A Silent Wave of Unescapable Change

Former Venezuela Presidential Chief of Staff Beatrice Rangel, who spent the week in Canada working with millennials from around the world at the ONE Young World Summit, reveals the keys to the future in these young leaders of the future.

Attention grabbing and headline trapping baby boomers — particularly those engaged in presidential races — have overshadowed a silent revolution being waged by Millennials in every possible front of modern life.

Also called Generation C (C standing for connected, communicating, content-centric, community-oriented), millenials were born after 1990 and lived their teenage years after 2000.
“In the developed world, Generation C encompasses everyone in this age group; in the BRIC countries (Brazil, Russia, India, and China), they are primarily urban and suburban,” concludes a study by PWC. “By 2020, they will make up 40% of the population in the U.S., Europe, and the BRIC countries and 10% of the rest of the world – and by then, they will constitute the largest single cohort of consumers worldwide.”
And this extraordinary cohort of youngsters meet every year at the ONE Young World Summit to exchange points of view about the world they are inheriting from what they call “the generation Selfie” — which stands for the most egocentric population cohort ever to inhabit our planet.
Their summit is a trading point of experiences dealing with three subjects they seem to be obsessed with: Poverty, access to digital education, and the environment.
And the summit is designed for them to learn how these subjects are treated in different countries. Mornings are absorbed by presentations; afternoons by project building.
There one learns about a group of Guatemalan teenagers that have successfully created a breeding sanctuary for quetzals — the national bird of their country which is in danger of exhaustion. The method serves well to protect other bird species around the world and the costs are negligible. Caring for animals is a top priority for these youngsters that prefer to get their pets from the Humane Society than from a prestigious breeder.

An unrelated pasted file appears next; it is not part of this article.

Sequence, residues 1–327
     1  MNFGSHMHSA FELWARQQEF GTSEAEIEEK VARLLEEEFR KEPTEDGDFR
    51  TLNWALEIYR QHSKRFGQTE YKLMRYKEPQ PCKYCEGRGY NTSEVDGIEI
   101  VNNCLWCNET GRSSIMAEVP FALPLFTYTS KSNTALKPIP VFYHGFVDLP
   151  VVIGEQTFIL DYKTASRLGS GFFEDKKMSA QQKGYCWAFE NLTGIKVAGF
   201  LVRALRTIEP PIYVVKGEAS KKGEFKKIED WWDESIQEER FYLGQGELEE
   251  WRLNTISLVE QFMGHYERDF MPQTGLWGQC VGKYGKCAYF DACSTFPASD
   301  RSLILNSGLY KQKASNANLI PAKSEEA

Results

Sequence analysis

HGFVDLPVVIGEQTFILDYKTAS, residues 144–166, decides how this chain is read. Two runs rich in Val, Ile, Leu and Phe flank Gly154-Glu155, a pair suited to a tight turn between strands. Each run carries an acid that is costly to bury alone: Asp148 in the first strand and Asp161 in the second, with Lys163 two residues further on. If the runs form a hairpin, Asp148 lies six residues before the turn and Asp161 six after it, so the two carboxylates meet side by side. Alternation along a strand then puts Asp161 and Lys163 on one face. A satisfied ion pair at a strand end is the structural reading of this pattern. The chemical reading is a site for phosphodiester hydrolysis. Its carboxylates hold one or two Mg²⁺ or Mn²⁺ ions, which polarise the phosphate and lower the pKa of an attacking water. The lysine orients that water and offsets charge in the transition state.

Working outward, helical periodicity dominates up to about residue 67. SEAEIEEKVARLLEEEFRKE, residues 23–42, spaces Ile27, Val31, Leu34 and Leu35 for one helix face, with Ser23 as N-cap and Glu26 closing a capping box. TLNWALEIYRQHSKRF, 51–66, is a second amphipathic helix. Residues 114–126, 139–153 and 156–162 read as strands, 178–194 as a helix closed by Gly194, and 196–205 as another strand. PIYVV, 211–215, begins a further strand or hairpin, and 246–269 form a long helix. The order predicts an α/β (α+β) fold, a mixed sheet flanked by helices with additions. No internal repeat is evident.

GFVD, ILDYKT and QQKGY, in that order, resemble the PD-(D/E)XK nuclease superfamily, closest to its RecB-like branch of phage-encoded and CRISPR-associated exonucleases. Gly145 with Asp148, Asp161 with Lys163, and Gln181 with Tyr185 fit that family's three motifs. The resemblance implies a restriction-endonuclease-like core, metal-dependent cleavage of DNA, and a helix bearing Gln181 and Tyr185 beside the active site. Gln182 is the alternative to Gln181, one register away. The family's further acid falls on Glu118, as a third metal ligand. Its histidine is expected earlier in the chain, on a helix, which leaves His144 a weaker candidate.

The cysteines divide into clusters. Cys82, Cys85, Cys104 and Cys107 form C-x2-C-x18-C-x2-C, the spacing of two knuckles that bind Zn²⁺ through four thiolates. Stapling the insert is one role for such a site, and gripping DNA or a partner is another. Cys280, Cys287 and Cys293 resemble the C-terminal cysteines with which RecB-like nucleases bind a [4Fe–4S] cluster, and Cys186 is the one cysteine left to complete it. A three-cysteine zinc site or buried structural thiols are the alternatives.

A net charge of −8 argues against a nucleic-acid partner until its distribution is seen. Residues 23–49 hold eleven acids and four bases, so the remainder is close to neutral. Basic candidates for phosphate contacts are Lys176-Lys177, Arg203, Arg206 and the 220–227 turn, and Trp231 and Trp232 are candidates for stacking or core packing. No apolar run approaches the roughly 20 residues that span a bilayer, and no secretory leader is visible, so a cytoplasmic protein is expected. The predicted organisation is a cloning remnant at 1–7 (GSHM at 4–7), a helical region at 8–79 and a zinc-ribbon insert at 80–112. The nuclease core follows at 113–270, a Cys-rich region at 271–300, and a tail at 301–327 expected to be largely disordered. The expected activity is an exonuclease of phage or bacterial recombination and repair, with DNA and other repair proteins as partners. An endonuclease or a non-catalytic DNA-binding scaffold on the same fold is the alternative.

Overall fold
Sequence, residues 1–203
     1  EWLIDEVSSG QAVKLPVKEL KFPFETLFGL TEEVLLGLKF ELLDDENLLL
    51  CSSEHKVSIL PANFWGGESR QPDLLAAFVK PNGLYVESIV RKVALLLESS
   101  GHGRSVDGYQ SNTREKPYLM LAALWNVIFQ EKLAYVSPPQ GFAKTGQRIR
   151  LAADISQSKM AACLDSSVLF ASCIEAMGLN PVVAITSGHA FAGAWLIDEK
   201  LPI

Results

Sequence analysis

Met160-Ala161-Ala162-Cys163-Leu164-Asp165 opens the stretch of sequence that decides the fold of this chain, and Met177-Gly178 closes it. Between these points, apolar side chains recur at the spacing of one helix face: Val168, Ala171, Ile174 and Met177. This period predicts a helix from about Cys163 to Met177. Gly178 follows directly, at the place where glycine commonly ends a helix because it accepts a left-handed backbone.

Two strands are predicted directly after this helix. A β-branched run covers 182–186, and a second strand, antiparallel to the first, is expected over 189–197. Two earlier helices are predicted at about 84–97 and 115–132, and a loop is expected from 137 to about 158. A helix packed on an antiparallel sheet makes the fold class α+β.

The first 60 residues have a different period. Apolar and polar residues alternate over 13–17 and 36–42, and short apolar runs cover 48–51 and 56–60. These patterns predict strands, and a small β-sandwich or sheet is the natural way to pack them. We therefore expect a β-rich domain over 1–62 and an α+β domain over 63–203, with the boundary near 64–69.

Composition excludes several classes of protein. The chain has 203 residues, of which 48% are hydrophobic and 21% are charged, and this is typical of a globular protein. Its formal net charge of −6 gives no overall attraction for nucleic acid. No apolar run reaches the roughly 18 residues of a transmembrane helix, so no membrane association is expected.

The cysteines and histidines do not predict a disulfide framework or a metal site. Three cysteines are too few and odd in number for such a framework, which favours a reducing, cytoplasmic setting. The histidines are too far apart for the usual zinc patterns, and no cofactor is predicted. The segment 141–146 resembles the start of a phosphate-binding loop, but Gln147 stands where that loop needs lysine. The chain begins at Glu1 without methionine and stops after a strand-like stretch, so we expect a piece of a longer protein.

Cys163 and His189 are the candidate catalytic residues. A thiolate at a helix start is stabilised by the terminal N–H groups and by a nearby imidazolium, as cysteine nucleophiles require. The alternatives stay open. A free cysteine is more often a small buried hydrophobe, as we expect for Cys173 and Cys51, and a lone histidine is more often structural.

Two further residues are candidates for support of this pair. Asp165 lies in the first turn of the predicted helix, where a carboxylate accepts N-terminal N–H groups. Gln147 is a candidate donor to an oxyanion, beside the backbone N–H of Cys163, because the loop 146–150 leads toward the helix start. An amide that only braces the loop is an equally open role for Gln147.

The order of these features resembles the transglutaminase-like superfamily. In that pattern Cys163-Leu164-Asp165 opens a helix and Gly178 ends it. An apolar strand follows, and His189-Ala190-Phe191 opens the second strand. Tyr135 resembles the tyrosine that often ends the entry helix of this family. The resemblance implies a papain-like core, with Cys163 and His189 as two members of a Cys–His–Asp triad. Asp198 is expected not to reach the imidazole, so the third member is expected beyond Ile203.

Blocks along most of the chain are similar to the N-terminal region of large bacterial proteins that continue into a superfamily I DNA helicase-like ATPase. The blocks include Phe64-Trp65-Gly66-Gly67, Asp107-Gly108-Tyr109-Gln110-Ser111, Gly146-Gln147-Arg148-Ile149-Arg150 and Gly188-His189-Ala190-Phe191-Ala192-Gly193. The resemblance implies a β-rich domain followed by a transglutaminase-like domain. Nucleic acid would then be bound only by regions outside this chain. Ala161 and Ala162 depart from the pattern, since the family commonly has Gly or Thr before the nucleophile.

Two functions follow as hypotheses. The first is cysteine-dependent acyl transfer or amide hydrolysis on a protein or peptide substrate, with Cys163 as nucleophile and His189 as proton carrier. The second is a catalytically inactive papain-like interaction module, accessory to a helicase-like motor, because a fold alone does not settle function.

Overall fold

Then there is transfer of knowledge to those in their societies that are less fortunate and thus have not finished primary school or high school.
To tend to this problem, there is a global network of young executives in multinational corporations that in emerging markets donate time and money to establish learning spaces for employees that have failed to complete their primary education.
Inspired in Brazil’s Rede Globo’s Telesecundaria, Millennials around the world have developed smartphone applications and a learning library that has been translated into 13 languages to help others access education and move up the income scale.
Colombians are already preparing to hold the summit in Bogota next year and to launch in that stage a set of applications to foster education for peace. Young Sudanese refugees that have settled in the Americas are working hard on mastering the art of producing and saving water aided by young Israelis.
And in Ottawa they have their most admired and loved political figure: Prime Minister Justin Trudeau. He incarnates all of their beliefs and vision of the world. The youngest head of government in our hemisphere has reduced bureaucratic distance, increased efficiency of public services, and incorporated the youth in an advisory capacity to his cabinet. As advisors they raise awareness about decisions that will shape their future. Ministers, on their part, have a window into reality that tends to make it difficult to fall into the “Ivory Tower” Syndrome. This quiet revolution is beginning to shape the course of our conflict ridden world in the same way the Westphalia Peace Treaty shaped that of Europe for many centuries triggering an era of prosperity that was long lasting and for the last fifty years, conflict free.

Published by Latin American Herald Tribune on October 3rd, 2016

A Silent Wave of Unescapable Change (LAHT)